In early October, Saudi Arabia, the United Arab Emirates (UAE), and Kuwait announced an economic aid package of $10 billion for Bahrain. The fiscal pledge illustrates how massive capital flows underlie the contentious politics and strategic alliances within the Gulf Cooperation Council (GCC) and the broader Middle East region. In August 2018, Qatar pledged $15 billion to shore up Turkey’s beleaguered banking system, while Saudi Arabia, the UAE, and Kuwait pledged $2.5 billion in fiscal aid to support Jordan in June of this year. Earlier this decade, Bahrain, Oman, and Yemen each received billions of dollars in aid pledges from GCC countries to stabilize their economies following the outbreak of protests in 2011.
Previous financial support for Bahrain––notably the $10 billion aid package in 2011––leveraged economic development funding to address bottom-up, socioeconomic grievances that had escalated into political demonstrations and violent protests. The latest capital injection likewise permits the government to shore up political support by stabilizing the country’s economic structures. Bahrain will utilize the financial windfall to address its budget deficit, which reached 14 percent of GDP in 2017, and mitigate the negative effects of its new austerity program. However, this recent example of fiscal aid also reflects an effort by regional actors to push through top-down reforms in an increasingly polarized region.
Persistently low oil prices since late 2014 and declining crude oil production have taken a toll on Bahrain’s public finances, which depend on hydrocarbons for approximately 75 percent of government revenues. The country has the highest public debt to gross domestic product ratio among the GCC member states, reaching 89 percent. Successive years of budget deficits depleted foreign reserves by about 75 percent since 2014, complicating the country’s ability to maintain its dollar peg and dispel fears of a currency devaluation. Moreover, international analysts are worried that Bahrain may not be able to redeem a $750 million Islamic bond that is scheduled to mature in November. Neither rebounding oil prices in 2018 nor a promising oil and gas discovery gave Bahrain sufficient capital to address these immediate fiscal challenges. The first installment of the aid package, which consists of $2 billion and should be delivered by the end of 2018, will afford Bahrain’s government the monetary maneuverability to avoid a full-blown financial crisis in the short term.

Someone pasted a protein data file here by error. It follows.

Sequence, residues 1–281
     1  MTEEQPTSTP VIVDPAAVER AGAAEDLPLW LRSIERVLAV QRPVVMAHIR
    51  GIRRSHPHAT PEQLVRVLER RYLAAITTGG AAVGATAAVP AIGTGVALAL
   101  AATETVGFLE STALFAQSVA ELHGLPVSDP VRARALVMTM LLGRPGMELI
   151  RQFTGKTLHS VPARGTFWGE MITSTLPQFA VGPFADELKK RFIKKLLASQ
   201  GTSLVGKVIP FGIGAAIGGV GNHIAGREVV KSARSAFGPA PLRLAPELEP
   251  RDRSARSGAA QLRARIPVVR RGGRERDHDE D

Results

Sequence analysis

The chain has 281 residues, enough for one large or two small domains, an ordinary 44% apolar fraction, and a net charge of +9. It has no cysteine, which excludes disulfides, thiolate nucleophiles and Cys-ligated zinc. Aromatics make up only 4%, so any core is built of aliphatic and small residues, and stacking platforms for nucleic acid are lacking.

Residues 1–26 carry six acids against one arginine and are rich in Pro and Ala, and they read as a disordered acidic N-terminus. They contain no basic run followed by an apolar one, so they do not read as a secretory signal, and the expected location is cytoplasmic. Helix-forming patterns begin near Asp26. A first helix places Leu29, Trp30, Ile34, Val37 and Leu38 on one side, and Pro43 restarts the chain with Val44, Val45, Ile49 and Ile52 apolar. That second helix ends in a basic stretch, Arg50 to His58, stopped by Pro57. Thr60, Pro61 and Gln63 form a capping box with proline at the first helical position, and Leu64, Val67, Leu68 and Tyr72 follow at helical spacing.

Longer-term government efforts to balance Bahrain’s budget by 2020 and reduce annual spending by approximately $2.12 billion, however, threaten to aggravate socioeconomic grievances in the country. The new austerity program includes a public-sector retirement scheme intended to trim the number of costly government employees, new corporate taxes, a review of state spending on water and energy subsidies, and a reduction in cash subsidies to citizens. These economic reform and fiscal consolidation initiatives will inevitably mean a reduction in state spending and benefits for citizens. The phased disbursement of the aid package over the next five years can help the Bahraini government soften the impact of austerity by delaying certain measures or introducing new distributive mechanisms, such as providing entrepreneurial funding for retired government employees.